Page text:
Cross cultural kids don’t necessarily grow up in a different country. Rather, they are often raised in a subculture of their passport country. So it could be the southern kid who moves to the East coast and navigates the north-south cultural tension. Or it could be the kid from Navajo nation who is daily bussed to a school off the reservation in a suburban area. It could also be a kid who is raised in a faith-based subculture and homeschooled but navigates cultural differences between her home and life in a non faith-based university. There are many examples of kids who grow up understanding and navigating cultural differences. To be sure, third culture kids are a strong subset of cross cultural kids, and the literature and research on them is invaluable, but they aren’t the only ones who navigate cultural differences.

Cross cultural kids naturally seek to see beyond divisive labels. They seek common ground and try to understand the other side, no matter what that side is. They understand that each of us has a story, and that those stories have shaped us.

They are often called chameleons and accused of not knowing who they are. But knowing who you are and obnoxiously making sure your values and views are the loudest in the room are vastly different. Living and navigating effectively across cultures takes cultural humility and the ability to listen well, something that cross cultural kids have to learn early in life.

Cross cultural kids can be active negotiators – taking both sides of a story and finding space for agreement. It can be a lonely space, but it’s a vital one.

As I think about our world today, I feel tired. The level of incivility in Western societies and the amount of cyber bullying by grown ups is appalling. If you disagree with someone who is conservative, you’re quickly termed a liberal. If you disagree with someone who is liberal, you are emphatically called intolerant. I know- because I’ve been called both. We are desperately in need of of amphibians, chameleons, and cross cultural kids. Without them, we’re in deep trouble.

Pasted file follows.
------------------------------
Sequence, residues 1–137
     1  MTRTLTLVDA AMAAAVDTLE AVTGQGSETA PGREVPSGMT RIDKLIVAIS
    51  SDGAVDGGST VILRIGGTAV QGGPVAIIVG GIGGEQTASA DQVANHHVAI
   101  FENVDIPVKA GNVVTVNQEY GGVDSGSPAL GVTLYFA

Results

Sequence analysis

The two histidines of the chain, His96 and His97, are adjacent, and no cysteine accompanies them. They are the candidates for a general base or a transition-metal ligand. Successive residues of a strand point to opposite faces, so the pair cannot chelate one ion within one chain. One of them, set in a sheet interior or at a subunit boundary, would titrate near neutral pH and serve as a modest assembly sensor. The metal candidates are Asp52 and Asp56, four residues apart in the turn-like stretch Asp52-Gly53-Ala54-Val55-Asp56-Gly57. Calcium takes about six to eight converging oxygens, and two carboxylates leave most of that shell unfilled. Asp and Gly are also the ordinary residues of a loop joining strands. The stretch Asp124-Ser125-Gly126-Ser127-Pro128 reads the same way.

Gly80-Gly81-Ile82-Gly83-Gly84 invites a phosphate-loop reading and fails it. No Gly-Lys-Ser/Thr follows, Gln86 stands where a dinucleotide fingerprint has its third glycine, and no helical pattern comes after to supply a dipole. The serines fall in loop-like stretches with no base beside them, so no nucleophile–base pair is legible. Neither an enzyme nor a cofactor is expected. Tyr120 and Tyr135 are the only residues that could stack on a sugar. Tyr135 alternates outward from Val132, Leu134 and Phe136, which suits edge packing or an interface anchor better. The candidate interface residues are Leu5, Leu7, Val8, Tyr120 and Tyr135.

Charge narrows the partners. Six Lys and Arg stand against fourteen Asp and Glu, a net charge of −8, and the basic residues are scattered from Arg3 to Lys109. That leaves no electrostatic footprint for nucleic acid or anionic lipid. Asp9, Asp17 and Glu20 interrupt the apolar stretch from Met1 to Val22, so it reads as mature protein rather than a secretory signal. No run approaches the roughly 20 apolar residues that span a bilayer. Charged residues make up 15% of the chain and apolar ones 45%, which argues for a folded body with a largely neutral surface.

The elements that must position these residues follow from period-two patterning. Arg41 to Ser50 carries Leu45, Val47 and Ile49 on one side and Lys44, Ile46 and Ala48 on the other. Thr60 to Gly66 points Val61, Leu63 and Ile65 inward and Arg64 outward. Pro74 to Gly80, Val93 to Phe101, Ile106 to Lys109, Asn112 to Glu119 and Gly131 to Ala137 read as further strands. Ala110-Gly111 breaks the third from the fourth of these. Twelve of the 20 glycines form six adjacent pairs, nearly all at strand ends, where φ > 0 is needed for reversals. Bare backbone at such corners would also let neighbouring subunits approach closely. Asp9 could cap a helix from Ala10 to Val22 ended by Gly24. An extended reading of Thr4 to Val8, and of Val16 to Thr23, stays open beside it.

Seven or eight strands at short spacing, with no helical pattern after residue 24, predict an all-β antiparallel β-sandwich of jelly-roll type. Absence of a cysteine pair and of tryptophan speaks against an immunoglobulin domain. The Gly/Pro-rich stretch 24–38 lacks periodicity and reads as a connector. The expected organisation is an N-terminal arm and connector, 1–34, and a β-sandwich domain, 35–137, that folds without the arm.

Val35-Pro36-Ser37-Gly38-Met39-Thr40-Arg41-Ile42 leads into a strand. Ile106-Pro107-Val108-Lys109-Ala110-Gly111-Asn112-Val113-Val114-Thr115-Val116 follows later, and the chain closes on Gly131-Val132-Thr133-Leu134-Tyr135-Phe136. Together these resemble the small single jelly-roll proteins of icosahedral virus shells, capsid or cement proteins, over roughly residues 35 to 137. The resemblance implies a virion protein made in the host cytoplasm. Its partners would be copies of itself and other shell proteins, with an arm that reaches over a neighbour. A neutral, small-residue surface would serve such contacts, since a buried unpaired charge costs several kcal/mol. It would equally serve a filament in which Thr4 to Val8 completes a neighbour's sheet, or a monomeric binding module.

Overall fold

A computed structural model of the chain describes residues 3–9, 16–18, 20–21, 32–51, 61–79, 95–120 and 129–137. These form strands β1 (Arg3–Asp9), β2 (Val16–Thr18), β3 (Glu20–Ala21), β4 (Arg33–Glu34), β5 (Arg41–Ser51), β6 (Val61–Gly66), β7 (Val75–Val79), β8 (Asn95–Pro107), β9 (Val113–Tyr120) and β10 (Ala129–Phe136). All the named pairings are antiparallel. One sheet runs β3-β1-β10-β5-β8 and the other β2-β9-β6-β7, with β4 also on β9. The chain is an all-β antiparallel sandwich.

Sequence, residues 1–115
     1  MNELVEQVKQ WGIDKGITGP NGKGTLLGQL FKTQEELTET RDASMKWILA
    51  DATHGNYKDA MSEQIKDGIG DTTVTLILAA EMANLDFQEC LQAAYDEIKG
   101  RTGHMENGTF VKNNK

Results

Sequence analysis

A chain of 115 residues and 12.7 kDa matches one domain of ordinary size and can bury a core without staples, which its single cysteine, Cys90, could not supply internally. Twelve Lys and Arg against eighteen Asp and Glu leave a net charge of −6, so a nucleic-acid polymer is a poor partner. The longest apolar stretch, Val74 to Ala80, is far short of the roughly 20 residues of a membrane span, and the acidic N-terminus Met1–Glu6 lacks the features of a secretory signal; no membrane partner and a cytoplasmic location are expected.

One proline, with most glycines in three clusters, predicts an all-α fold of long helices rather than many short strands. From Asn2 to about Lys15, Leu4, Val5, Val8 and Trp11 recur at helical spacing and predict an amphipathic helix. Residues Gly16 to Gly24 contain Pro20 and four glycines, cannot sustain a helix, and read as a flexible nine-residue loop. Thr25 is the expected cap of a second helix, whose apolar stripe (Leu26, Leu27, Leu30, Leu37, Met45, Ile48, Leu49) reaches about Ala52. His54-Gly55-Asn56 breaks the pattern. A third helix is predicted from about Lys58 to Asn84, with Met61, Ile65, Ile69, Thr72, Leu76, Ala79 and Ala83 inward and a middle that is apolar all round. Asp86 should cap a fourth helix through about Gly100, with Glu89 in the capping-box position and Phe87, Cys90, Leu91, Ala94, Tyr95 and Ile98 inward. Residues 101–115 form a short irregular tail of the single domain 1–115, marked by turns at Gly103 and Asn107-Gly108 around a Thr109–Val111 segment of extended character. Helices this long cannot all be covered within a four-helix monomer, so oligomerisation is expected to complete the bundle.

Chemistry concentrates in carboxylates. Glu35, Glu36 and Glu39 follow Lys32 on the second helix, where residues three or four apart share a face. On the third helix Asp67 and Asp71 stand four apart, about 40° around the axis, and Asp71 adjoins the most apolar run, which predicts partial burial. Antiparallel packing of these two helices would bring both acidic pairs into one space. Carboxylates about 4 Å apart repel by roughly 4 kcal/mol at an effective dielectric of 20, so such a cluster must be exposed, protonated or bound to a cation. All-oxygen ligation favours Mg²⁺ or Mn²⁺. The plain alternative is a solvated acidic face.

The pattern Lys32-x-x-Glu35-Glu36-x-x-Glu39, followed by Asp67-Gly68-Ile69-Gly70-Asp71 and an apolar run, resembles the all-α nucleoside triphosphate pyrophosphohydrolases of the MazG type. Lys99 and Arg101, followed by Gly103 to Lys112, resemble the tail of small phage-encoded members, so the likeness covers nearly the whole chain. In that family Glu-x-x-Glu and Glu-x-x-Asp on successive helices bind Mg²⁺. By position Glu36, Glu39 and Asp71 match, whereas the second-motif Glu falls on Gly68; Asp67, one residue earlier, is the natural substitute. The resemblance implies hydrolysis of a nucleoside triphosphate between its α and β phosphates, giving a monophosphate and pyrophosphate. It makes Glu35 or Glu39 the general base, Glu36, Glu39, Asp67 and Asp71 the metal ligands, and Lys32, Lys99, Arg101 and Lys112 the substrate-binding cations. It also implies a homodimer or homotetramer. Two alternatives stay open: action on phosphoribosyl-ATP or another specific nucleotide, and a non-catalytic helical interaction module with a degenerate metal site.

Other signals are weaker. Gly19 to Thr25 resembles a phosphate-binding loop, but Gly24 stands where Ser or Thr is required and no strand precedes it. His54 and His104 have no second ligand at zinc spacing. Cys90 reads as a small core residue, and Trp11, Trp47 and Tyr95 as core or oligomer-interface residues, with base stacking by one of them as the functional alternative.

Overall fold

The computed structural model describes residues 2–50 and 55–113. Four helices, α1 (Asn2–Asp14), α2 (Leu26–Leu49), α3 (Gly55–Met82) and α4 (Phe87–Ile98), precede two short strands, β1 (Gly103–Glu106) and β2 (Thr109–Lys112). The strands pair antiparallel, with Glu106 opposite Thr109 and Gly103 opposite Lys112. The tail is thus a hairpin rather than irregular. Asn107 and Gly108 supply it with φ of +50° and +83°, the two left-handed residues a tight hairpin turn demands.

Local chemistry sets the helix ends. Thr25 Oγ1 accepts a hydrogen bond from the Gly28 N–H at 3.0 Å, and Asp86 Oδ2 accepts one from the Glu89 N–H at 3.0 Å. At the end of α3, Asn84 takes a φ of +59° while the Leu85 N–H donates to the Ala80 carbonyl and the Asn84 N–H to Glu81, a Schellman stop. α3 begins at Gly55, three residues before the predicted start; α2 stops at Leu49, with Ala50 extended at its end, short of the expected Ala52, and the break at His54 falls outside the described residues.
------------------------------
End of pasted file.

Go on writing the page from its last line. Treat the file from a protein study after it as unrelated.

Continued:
“The Amphibians’ lives teach us that backgrounds are more complicated than simple class- or race-conflict stories. Their lives demonstrate that society is not a battlefield but a jungle with unexpected connections and migrations. Their lives teach that what matters is what you do with your background, the viewpoints you construct by combining viewpoints. Their lives are examples of the power of love to slice through tribal identity.”

The Rise of the Amphibians

A Fight to Live

On Sunday afternoons we observe post liturgical nap time. It is a sacred time where the apartment is absolutely still as we go to our respective spots and either nap, read, or rest in general. We have done this as long as we have been married and I don’t believe it will ever change.

This Sunday I curled up on our impossibly soft couch with an article in the New Yorker called “The Death Treatment”. What is normally a restful time was interrupted by a chilling read.

The article centers around the story of Godeleiva and Tom, a mother and a son in Belgium. In September of 2011 Godeleiva sent an email to her son and daughter telling them that she had filed an euthanasia request with a Doctor Wim Distelmans and was waiting the results. Her reason? Psychological distress. She had been in therapy since she was 19 years old and was now 63. She was done, finished – it was time to die.

Wim Distelmans, a Belgian oncologist, has become a sort of celebrity in Belgium. His accomplishments are not artistic, though some may call them so; instead he is seen as one who is promoting a “tremendous liberation” for promoting assisted suicide as a human right. He lectures across the country – at clinics, schools, and even at cultural centers.